A Spring Garden Poem About Growing Candy

Can you grow candy in your garden? The author of this Spring garden poem seems to believe that you can.

Candy probably isn’t what comes to mind when you think about a Spring garden poem. Daffodils? Tulips? Clover? Sure. But candy? Not so much. For that matter, what does candy even have to do with a garden?

Well, if you have ever had the luxury of picking fresh peas and eating them straight out of the pod, I think you might agree that they are the garden’s version of candy. Pea plants are quite beautiful, too, with their long, climbing vines, delicate white flowers, and the twisting pea greens. These Spring vegetables are certainly worthy subjects for a Spring garden poem, if you ask me.

Melissa Ellen Neil thinks so, too. In her poem, Shelling Peas, she takes us on a journey to a Spring day long ago. “Shelling peas isn’t easy,” she begins. The real question, of course, is about who finds shelling peas such a challenge, Melissa or her mom. The answer may surprise you.

At the very least, this sweet Spring garden poem will remind you just how delicious fresh peas are and how much goodness a garden gives us. It might even inspire you to grow peas in your own garden. That’s the power of poetry, right there. Or is it the power of a tasty garden? Maybe it’s both. I’ll let you be the judge of that.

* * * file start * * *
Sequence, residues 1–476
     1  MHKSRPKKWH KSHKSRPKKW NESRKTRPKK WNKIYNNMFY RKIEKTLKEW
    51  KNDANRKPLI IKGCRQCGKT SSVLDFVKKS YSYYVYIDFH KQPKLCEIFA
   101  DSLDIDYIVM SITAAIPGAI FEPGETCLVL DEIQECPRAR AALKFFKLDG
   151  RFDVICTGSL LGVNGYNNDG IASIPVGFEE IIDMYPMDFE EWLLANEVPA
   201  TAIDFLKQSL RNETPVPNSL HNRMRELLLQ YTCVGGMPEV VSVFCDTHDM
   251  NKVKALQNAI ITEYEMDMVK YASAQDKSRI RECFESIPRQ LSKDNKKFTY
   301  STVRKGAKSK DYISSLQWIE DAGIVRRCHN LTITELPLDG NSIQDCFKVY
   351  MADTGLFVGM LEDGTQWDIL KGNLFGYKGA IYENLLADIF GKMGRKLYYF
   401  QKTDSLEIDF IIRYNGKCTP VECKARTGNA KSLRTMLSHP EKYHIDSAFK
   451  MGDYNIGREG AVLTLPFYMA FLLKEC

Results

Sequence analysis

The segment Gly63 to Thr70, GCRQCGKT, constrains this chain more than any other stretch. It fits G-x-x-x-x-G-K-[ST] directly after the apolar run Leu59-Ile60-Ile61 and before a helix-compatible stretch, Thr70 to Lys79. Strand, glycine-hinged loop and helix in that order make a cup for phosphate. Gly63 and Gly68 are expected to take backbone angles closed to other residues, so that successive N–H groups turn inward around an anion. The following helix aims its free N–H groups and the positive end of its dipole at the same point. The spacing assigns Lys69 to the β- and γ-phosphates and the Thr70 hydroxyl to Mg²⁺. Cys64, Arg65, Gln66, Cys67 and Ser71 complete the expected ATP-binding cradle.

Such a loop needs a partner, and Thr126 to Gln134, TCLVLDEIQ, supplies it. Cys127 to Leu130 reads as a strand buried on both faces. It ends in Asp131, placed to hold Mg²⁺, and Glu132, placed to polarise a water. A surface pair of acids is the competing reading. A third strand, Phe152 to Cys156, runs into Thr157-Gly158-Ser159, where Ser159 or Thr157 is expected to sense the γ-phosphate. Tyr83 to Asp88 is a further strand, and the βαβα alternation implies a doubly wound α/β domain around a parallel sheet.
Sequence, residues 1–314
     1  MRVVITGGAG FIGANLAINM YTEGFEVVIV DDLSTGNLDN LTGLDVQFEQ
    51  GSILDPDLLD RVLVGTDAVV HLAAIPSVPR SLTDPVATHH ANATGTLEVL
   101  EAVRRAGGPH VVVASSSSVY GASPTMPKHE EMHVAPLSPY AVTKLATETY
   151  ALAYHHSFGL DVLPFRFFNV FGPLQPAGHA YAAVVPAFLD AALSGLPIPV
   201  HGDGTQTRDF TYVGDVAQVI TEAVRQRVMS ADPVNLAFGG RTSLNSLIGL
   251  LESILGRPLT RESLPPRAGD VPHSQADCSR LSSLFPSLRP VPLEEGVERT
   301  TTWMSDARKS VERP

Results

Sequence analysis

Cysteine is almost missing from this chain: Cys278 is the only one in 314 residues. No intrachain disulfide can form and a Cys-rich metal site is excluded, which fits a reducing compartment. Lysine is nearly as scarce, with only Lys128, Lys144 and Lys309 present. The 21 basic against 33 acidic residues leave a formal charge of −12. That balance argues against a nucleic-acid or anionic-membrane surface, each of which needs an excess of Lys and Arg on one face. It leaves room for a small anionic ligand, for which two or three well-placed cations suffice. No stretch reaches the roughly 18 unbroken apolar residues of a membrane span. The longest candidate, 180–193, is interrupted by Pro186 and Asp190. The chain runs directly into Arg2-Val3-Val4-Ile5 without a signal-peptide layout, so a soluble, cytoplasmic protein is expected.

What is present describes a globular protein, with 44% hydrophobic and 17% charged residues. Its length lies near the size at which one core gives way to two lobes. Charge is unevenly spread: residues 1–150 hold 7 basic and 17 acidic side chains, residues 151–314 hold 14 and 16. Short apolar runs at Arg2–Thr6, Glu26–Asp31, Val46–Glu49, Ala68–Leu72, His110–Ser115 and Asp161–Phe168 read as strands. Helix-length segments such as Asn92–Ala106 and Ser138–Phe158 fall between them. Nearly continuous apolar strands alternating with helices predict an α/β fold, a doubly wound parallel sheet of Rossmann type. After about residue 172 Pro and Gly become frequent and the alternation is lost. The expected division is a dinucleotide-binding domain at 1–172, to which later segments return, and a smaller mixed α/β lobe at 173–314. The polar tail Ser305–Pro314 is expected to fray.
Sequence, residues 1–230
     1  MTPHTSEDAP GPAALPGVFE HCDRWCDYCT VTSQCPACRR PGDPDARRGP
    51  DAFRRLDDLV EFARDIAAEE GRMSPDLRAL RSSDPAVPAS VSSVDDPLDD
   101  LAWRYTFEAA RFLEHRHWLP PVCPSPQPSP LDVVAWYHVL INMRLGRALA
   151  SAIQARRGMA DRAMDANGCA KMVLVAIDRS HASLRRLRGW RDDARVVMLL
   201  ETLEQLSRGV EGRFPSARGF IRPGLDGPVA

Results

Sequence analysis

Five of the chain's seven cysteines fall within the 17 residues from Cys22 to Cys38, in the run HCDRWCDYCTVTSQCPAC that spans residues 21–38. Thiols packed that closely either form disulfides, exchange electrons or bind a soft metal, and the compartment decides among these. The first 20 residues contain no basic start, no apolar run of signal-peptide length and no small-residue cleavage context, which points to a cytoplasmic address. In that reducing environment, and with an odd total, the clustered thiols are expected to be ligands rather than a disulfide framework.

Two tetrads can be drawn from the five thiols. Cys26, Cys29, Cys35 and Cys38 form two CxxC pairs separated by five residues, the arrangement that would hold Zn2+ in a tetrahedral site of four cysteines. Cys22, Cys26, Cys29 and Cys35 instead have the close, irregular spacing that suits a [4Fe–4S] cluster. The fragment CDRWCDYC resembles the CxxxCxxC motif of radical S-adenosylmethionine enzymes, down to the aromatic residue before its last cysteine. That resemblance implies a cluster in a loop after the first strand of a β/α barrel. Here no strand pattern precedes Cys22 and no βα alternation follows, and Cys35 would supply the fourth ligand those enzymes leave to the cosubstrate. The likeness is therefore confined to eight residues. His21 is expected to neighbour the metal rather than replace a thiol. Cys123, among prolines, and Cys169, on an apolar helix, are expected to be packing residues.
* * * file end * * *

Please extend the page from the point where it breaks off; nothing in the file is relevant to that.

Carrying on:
Whether A Spring Garden Poem Or A Story That Will Make You Laugh Out Loud, There Is Plenty Here To Enjoy.

This story comes from our archive spanning over 30 years, and includes more than 130 magazine issues of GreenPrints. Pieces like these that imbue the joy of gardening into everyday life lessons always brighten up my day, and I hope it does for you as well. Enjoy!

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Shelling Peas

By Melissa Ellen Neill

Shelling peas isn’t easy.
I shelled my share as a kid.
They pop out of their shells,
they get eaten
they roll out of the bowl
and roll around on the floor.
We shelled
we ate
they rolled.
Mother mumbled
over each half-bowl of peas
swept the porch floor
and next year
planted more.

By Melissa Ellen Neill, published originally in 2018, in GreenPrints Issue #113. Illustrated by Linda Cook Devona

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Do you have a favorite spring garden poem? Or have you written one yourself?


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